If selected by NASA, OSIRIS-REx would be launched no later than December of 2018, but right now it’s one of three proposals chosen in late 2009 under NASA’s New Frontiers program. As for the acronym, it’s torturous indeed. O stands for origins (i.e., the origin of life), SI for spectral interpretation, RI for resource identification, S for security, and REx for regolith explorer. All of that in a single package, but hey, it’s not easy to choose a mission name, and once cobbled together, this one has a nice ring to it.


Comments on this entry are closed.

  • NS March 16, 2010, 1:27

    Well, since nobody responded, I’ll go a little OT and post this YouTube link about a proposed rendezvous mission (not a sample return) to a near-Earth asteroid:


  • UncleDan March 16, 2010, 9:12

    My two cents – while I am fascinated by the science from an asteroid mission, I would rather see a mission to Mars, Europa, or Enceladus to search for life or precursors to life. That, in my opinion, is the big prize.

  • Bounty March 16, 2010, 14:36

    I’m excited by the Dawn mission. It’ll be great to have a better idea of what our largest asteroids are made of.

  • Mark March 16, 2010, 16:06

    I too am a big fan of a manned Mars mission but there has got to be some interesting stuff out there on those asteroids too, there’s just so many of them. I bet if we looked at all of them we’d find at least a half-dozen Bracewell probes, silently monitoring the solar system for intelligent life and reporting back to their owners. Think about it, it makes sense. If you want your probes to be unmolested for as long as possible, why put them on the moon, or even Mars? You sprinkle them among the asteroids. There’s no one asteroid that’s more obvious than another as a place to explore. The moon’s obvious, Mars is obvious, but pick a handful of random asteroids, and you have a monitoring platform that’s unlikely to be molested even as we develop very advanced spacefaring capabilities, simply because there are so many and they’re so small.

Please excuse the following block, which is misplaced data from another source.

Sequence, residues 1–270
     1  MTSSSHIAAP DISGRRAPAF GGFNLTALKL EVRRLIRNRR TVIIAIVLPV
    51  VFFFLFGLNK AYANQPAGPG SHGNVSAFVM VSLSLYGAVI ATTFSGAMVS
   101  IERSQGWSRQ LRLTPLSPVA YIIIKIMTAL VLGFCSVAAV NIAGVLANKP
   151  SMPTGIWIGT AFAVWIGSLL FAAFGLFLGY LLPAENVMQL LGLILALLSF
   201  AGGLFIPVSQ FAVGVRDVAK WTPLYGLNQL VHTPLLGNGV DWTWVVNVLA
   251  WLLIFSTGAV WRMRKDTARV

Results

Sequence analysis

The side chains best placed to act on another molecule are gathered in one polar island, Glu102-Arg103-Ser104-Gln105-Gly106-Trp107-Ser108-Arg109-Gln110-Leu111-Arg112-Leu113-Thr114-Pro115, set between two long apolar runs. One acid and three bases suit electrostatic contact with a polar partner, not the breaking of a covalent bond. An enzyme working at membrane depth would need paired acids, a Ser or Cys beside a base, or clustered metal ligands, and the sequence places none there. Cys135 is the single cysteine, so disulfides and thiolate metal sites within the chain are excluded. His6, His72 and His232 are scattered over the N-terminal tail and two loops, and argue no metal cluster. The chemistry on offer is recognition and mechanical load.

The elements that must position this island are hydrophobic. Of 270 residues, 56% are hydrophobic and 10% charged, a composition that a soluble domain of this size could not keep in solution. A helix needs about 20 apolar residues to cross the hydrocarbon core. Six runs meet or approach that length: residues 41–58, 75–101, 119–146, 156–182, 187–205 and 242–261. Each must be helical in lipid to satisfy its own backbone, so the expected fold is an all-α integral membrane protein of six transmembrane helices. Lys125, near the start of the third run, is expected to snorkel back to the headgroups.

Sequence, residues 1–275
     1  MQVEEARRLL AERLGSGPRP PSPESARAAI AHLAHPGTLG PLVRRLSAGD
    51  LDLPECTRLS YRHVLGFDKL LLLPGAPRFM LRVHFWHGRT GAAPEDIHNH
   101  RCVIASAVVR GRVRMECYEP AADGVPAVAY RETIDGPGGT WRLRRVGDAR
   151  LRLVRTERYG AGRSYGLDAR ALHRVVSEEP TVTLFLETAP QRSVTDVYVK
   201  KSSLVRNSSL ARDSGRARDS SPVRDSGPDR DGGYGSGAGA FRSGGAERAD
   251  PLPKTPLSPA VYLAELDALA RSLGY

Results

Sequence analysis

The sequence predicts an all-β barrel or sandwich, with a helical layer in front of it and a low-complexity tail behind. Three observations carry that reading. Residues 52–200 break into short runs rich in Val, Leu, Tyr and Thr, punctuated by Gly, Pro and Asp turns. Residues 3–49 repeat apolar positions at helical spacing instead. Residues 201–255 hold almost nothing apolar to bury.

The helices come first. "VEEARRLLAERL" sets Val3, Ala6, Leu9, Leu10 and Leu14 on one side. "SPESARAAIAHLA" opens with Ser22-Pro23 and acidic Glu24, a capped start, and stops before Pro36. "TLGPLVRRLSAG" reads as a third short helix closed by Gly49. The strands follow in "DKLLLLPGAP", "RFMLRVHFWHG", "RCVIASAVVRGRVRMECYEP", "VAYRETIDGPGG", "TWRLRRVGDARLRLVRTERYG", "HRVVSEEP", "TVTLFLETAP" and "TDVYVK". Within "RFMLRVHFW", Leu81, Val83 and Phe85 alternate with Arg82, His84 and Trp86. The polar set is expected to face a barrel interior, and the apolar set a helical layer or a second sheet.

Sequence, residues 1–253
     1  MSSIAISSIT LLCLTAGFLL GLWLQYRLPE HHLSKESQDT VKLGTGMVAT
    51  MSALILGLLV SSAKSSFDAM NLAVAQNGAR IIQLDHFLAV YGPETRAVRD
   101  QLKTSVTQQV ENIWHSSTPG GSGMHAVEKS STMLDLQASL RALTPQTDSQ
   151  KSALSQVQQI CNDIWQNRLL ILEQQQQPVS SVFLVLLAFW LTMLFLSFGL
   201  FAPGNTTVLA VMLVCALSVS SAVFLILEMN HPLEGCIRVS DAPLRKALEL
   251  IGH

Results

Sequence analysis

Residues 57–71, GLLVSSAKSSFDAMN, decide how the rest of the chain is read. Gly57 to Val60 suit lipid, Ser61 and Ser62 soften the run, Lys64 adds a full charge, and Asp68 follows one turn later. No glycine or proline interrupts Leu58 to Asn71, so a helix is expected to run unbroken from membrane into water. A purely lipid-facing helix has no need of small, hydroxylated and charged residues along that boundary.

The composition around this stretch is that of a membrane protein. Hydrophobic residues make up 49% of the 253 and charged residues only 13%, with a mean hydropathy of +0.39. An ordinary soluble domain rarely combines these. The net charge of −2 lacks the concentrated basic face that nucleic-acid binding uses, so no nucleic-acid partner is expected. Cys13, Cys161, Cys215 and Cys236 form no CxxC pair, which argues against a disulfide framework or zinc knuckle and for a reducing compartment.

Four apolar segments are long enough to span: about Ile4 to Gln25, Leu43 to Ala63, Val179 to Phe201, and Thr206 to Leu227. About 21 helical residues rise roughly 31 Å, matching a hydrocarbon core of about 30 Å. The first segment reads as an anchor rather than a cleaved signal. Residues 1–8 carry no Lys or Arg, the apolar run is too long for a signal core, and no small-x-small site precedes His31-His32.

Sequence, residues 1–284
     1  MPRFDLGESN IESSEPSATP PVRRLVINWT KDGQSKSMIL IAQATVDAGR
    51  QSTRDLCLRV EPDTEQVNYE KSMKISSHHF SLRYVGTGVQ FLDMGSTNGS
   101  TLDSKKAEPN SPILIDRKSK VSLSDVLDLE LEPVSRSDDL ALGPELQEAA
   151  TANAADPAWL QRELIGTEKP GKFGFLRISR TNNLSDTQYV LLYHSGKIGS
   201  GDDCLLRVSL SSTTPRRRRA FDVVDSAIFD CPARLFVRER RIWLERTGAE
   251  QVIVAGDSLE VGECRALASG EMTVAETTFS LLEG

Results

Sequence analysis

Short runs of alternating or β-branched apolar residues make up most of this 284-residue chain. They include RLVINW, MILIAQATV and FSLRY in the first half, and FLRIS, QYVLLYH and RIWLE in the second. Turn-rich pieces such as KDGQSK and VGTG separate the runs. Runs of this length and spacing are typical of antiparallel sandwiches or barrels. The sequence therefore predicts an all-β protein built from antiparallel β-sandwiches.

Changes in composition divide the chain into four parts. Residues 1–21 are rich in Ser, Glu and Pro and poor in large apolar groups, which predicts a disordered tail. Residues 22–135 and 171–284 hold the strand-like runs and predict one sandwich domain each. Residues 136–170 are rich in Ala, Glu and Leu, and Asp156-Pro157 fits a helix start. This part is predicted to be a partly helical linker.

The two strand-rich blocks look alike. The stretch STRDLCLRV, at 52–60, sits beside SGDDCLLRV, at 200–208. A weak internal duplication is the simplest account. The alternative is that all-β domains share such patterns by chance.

I also think it would be cool to watch a rock take a half hour to drop. It would be pretty hard to move around on such a rock, unlike what we see on the movies, where asteroids of course have earth-normal gravity. I’d volunteer for an asteroid mission myself except for two things. 1) I’m extremely claustrophobic and 2) I’m scared of the dark, and there’s an awful lot of dark out there.

  • Darnell Clayton March 16, 2010, 17:14

    It’s a shame that we have not YET found the time and funds to investigate at least one of these asteroids in the past few decades!

    After all, if we eventually do end up mining these rocks of metal and ice, it would be wise to become familiar with landing upon them and finding out how solid they are.

    If it were not for this recession, I would advocate NASA doing this now (either that or have one of the private companies explore that option).

  • Ron S March 16, 2010, 17:26

    “…there’s an awful lot of dark out there.”

    You’ll be in full sunlight, 24×7.

  • george scaglione March 17, 2010, 15:16

    uncle dan : yes while a mission to an asteroid would be a great thing,nonetheless the other missions you mention would without doubt be alot better yes now,someone educate me.we are talking manned missions are we not!? recently i made some comments on what i thought would be great stuff to do and was then told that,oooh errr ahhh george i was only talking unmanned! i had not properly understood. :( but either way it will be a beginning.just guess which one i am rooting for.thank you one and all your friend george